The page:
Last night I was lucky enough to attend the launch of the Post-Digital Art School report by Charlotte Webb and Fred Deakin, but beyond being impressed, I was also shaken by something Fred said about his experience of working with ‘digital native’ students.
Basically – and this is in no way verbatim – any idea that ‘digital native’ means proficient and well versed with technology is far from the truth, and in fact, a digital native could be as naive and ignorant about the opportunities and abilities of tech as an average Generation Xer.
Perhaps this is more about my definition of ‘digital native’ being wrong, but it struck a chord with a memory from teaching 18 year olds around 2008. I observed that most of them could hardly use a memory stick or relate to the desktop metaphors of files, folders and drag and drop. At the time I rudely thought that perhaps they were just PC users and so more the “C: drive right click copy paste to D: drive” sorts, but I’m realising now that they too were perhaps theoretically digital native, just not technically so, at least to the level I expected.
Luckily, in mentioning this worry to Fred, he pointed to Appendix Three of the report where he lists four levels of creative digital engagement, and the suggestion that ‘digital native’ is a broader and more useful term than I was giving it credit:
Level One: Digital Consumer
This is the core functionality of the internet and the default mode for the most of our digital activity, which is basically passive…
The current ‘average user’ state. A native of digital consumption.
Level Two: Digital Creators
When we operate in this level we are generating relatively complex online content ourselves and using various off-the-shelf tools to do so…. But we don’t have to create our own website at this level: we can use platforms such as Etsy to operate commercially or use our old friends Facebook and Twitter in a more pro-active and less social way….
CMS users or bloggers and regular Tweeters.
Level Three: Digital Collaborators
If you are part of [a multi-disciplinary team… that incorporates strategy, design, technology psychology and other skills] and you are no primarily responsible for the technology portion of the project they you are operating at the level of digital collaborator. It will be important that you understand how digital technology works… Using IDEO’s ’T-shaped designer’ model, you need to have a basic understanding of coding / programming / technology as part of your horizontal cross-bar, even though it won’t be the deep understanding of the specialism represented by your personal T’s vertical bar.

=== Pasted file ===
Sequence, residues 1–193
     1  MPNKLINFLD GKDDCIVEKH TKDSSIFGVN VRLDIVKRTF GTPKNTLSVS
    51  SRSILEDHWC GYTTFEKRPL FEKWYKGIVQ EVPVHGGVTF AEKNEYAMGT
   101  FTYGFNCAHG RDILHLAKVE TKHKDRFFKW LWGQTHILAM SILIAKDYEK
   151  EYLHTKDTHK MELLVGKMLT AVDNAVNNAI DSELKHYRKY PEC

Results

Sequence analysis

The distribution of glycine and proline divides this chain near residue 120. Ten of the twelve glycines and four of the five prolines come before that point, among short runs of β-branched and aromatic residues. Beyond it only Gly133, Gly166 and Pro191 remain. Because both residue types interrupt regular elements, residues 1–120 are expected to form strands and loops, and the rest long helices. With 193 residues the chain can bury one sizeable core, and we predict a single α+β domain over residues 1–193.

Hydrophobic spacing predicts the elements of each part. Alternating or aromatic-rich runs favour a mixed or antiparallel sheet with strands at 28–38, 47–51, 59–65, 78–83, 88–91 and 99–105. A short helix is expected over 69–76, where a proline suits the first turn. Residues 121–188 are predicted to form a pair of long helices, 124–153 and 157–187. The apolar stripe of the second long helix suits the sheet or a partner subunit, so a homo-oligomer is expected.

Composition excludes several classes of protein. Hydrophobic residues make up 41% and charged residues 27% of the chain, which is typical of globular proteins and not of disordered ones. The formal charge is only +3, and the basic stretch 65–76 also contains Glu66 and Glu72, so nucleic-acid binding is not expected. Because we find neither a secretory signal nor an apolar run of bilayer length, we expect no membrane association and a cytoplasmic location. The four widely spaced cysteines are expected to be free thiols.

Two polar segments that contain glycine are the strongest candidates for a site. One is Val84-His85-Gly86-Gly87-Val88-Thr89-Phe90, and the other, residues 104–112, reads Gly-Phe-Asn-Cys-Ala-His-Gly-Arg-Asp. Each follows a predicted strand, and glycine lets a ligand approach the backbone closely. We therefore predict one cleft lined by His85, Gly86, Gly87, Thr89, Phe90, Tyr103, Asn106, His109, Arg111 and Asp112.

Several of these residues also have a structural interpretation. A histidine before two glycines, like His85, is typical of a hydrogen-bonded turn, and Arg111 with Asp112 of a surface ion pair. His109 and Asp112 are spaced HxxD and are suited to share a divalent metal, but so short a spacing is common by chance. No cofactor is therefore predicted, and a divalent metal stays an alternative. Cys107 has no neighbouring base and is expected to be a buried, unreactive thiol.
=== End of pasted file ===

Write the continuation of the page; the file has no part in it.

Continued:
A digital agency or product team (an awkward level where individuals often believe they are just ‘average users’ and they lose sight of, and empathy for, the levels below them).
Level Four: Digital Constructors
Operating at this level we can build complex digital resources from scratch: We are comfortable grappling with various aspects of emerging technology and have no issues ‘going under the hood’ to write and optimise code.This level retunes to a more solo mode of operation after the collaborative nature of level three.
Where I was daftly imagining most ‘digital natives’ might somehow naturally exist. Born with basic HTML skills like so many British people used to be born knowing Beatles lyrics.
Anyway, if not personally useful for better definition of ‘digital native’ I think there’s great benefit to identifying these levels when working on digital projects with and for other people. Especially in cases where a client or boss is actually at Level One, and finding it hard to work with and relate to those at Levels Three and Four.